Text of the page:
# can particles that have two entangled properties remain entangled if only 1 of the properties is measured at a time?

Let's suppose you have two entangled particles that each have two entangled properties. The first property can be either A or B and the second can be either 0 or 1. According to this video, measuring the first property will lock its state, but then measuring the second property will unlock the first property's state. Does this mean that if you only measure one property at a time of two entangled particles that each have two entangled properties, the two particles will continue to remain entangled? So for example if first measure the 0 1 property on one particle and then measure the A B property on the same particle then the two particles will then continue to be entangled for the 0 1 property?

It depends on what those properties are, and whether simultaneous observation of the two properties is possible, and how, specifically, the entanglement is set up. I will assume in this answer that measurement of one property does not change the other in any way (formally, I will assume that the operators for these properties commute). If the two properties are incompatible with simultaneous measurement, then measuring one property essentially randomizes the other property.

Each particle has four possible measurable states: $$|A0\rangle$$, $$|A1\rangle$$, $$|B0\rangle$$, and $$|B1\rangle$$. Therefore, the system of two particles has sixteen possible measurable states: $$|A0A0\rangle$$, $$|B0A0\rangle$$, $$|A1A0\rangle$$, etc. Any possible state of the two-particle system can be written as a superposition of these sixteen states.

Suppose the two-particle system was in the state $$\frac{1}{\sqrt{2}}(|A0A0\rangle+|B1B1\rangle)$$. This is an entangled state because it cannot be separated into a product of single-particle states. In this state, an observer has a 50 percent chance of measuring both the first particle and the second particle to have properties A0, and an observer has a 50 percent chance of measuring both particles to have properties B1. In this state, the properties of both particles are correlated; measuring one particle gives you knowledge about the properties of the other. More than that, though, in this particular state, the properties of an individual particle are also correlated; measuring the first property of the first particle to be A, for example, tells you that the second property is 0. Therefore, measuring one property of one particle means that the system is no longer entangled.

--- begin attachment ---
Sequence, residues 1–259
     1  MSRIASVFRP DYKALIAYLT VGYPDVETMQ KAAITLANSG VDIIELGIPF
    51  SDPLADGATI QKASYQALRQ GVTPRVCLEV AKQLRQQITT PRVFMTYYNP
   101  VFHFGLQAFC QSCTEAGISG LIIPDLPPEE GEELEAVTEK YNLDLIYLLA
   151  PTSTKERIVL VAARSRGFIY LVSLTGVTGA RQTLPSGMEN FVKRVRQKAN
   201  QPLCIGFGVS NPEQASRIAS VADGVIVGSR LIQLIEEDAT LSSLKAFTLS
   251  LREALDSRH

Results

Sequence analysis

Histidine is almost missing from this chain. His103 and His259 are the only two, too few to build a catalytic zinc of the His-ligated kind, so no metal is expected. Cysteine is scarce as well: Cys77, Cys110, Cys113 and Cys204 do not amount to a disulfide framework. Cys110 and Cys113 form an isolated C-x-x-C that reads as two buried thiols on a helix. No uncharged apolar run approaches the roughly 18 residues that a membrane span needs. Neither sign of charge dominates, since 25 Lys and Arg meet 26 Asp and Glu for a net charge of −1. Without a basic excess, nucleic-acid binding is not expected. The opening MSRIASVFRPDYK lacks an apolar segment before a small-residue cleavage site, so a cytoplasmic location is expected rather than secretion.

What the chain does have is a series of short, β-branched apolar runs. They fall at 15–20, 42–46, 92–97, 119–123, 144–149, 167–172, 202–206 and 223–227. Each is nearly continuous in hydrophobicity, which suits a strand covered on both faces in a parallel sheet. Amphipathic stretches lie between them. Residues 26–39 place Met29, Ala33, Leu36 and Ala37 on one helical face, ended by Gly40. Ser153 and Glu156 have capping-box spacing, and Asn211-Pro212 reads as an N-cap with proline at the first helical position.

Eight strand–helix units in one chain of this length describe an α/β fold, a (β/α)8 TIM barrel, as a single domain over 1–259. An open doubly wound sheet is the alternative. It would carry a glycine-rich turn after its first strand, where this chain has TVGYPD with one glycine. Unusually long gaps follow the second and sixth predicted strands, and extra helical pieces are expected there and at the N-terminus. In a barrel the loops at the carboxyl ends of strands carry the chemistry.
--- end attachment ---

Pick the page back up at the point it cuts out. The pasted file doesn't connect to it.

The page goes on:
This is not true of all states, however; for example, take the state $$\frac{1}{\sqrt{3}}(|A0A0\rangle+|B0A0\rangle+|A1B0\rangle)$$. This state is still entangled; if you measure the first particle's properties and find them to be A1, then the second particle is in the state B0. Otherwise, the second particle is in state A0. If you measure the second particle's properties and find them to be A0, then the first particle is in an equal superposition of states A0 and B0. Otherwise, the first particle is in state A1. But now the properties are not necessarily fully correlated. If you measure the first property of the first particle to be A, then the system is in the state $$\frac{1}{\sqrt{2}}(|A0A0\rangle+|A1B0\rangle)$$. So the system is still entangled, and in particular, the second property of the first particle and the first property of the second particle are correlated (measuring 0 for the first particle means that the second particle will have A, and measuring 1 for the first particle means that the second particle will have B).